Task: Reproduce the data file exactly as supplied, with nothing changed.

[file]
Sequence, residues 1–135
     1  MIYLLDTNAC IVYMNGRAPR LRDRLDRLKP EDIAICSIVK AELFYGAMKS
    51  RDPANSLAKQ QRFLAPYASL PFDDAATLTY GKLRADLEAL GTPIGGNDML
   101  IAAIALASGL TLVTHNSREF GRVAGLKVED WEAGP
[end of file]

Sequence, residues 1–135
     1  MIYLLDTNAC IVYMNGRAPR LRDRLDRLKP EDIAICSIVK AELFYGAMKS
    51  RDPANSLAKQ QRFLAPYASL PFDDAATLTY GKLRADLEAL GTPIGGNDML
   101  IAAIALASGL TLVTHNSREF GRVAGLKVED WEAGP